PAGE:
Caroline of Ansbach

Image Credit: Warwick Shire Hall; Supplied by The Public Catalogue Foundation

By Amy-Jane Humphries

Caroline of Ansbach (1683-1737) the future Queen of Great Britain was born to the Margrave of Brandenburg-Ansbach, John Frederick, and his wife, Eleonore of Saxe-Eisenach. Caroline was the daughter-in-law of George I, wife of George II, and grandmother of George III. During the reign of George II, Caroline was popularly regarded as the power behind the throne. One famous saying from the period is: ‘You may strut, dapper George, but ‘twill all be in vain; We know ‘tis Queen Caroline, not you, that reign.’

Now, we cannot be certain how much power Caroline really did wield, but she undoubtedly had influence and she was key to Robert Walpole’s continued prominence within government. We do know that Caroline had a lot of personal influence over ecclesiastical appointments, though!

Caroline’s formative years had been spent in the court of the King and Queen of Prussia. She grew into a highly intelligent woman and was particularly interested in British history, as she understood that Anglicising the Hanoverian dynasty was key to its longevity.

Engraving of the royal couple and the children who survived infancy. Image Credit: WikiCommons.

Caroline was the perfect Enlightenment princess. She was a great patron of musicians, artists, architects, scientists, and philosophers – the most notable of which being Gottfried Leibniz, the philosopher who was infamous for his row with Newton over Calculus. Caroline was no stranger to loss, though. She was orphaned at just thirteen and her life with the Hanoverians was marked by family strife between, first, her father-in-law and husband and then between herself, her husband, and their son, Frederick, Prince of Wales.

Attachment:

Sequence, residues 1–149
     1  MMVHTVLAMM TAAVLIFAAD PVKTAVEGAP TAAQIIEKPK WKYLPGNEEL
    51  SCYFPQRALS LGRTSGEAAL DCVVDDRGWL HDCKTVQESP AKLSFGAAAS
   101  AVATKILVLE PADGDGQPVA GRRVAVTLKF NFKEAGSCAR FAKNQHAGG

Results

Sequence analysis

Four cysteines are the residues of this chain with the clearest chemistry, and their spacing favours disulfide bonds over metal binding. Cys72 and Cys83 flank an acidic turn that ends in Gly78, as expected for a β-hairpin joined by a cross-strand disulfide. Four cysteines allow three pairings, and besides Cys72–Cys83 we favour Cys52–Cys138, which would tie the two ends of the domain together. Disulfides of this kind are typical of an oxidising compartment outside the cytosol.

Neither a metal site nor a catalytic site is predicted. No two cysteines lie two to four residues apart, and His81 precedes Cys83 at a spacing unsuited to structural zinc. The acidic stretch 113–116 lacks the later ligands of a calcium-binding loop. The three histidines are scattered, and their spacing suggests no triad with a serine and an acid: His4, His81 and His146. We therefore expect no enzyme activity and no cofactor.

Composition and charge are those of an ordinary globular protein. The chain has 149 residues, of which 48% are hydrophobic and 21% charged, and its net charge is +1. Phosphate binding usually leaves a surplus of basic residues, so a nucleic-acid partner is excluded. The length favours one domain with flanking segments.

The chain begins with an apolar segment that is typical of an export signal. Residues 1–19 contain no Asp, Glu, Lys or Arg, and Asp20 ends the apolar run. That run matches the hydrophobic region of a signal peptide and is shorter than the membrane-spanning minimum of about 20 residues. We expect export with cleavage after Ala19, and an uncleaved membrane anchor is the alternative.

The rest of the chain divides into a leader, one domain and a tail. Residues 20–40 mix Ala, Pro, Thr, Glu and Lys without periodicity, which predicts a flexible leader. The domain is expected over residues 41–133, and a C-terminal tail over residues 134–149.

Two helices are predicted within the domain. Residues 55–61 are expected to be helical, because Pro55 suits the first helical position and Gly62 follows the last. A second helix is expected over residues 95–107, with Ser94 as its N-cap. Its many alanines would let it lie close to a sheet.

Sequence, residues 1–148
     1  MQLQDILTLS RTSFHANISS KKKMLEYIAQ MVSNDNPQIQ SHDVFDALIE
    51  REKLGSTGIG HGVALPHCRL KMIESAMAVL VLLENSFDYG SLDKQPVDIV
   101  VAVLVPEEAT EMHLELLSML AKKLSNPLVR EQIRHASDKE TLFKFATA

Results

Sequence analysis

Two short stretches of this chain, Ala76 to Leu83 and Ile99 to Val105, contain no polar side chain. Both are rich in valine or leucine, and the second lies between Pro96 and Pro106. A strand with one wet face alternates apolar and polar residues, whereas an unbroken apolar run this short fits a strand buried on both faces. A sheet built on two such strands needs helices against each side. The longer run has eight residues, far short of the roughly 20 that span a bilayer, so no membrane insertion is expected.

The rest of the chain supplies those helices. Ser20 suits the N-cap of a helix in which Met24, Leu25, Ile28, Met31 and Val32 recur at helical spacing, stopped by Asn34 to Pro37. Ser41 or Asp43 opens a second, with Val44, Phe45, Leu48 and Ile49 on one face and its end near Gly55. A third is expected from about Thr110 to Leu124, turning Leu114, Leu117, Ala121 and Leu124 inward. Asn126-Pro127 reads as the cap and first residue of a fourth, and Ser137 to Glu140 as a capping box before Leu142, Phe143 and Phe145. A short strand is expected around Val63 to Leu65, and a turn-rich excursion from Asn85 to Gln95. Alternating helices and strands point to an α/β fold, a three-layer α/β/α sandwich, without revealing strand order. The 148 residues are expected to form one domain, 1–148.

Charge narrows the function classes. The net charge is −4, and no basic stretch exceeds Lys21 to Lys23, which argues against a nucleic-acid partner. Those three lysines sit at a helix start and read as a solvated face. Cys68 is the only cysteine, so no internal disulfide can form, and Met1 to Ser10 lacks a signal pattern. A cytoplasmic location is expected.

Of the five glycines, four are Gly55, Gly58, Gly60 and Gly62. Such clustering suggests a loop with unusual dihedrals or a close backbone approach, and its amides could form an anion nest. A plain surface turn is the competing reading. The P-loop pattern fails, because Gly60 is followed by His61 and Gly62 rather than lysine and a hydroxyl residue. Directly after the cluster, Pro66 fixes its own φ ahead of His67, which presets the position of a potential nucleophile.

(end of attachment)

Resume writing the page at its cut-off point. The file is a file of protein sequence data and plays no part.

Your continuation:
When Caroline died in November 1737, she was still not reconciled to her son and heir. George II was never quite the same after his wife’s death, and neither was the Hanoverian court. George II famously declared on Caroline’s deathbed that he would not take another wife. George stayed true to his promise, though he did keep mistresses in his twilight years. Caroline is a lesser-known queen, but one well worth reading up on. Her early life, which has not been discussed here, was as extraordinary as everything that followed.

Portrait by Joseph Highmore (1735). Image Credit: WikiCommons.

Recommended Reading

Joanna Marschner, Queen Caroline: Cultural Politics at the Early Eighteenth-Century Court (London: Yale University Press, 2014)

Joanna Marschner, David Bindman, and Lisa L. Ford, Enlightened Princesses: Caroline, Augusta, Charlotte, and the Shaping of the Modern World (London: Yale University Press, 2017)

Matthew Dennison, The First Iron Lady: A Life of Caroline of Ansbach (London: William Collins, 2017).

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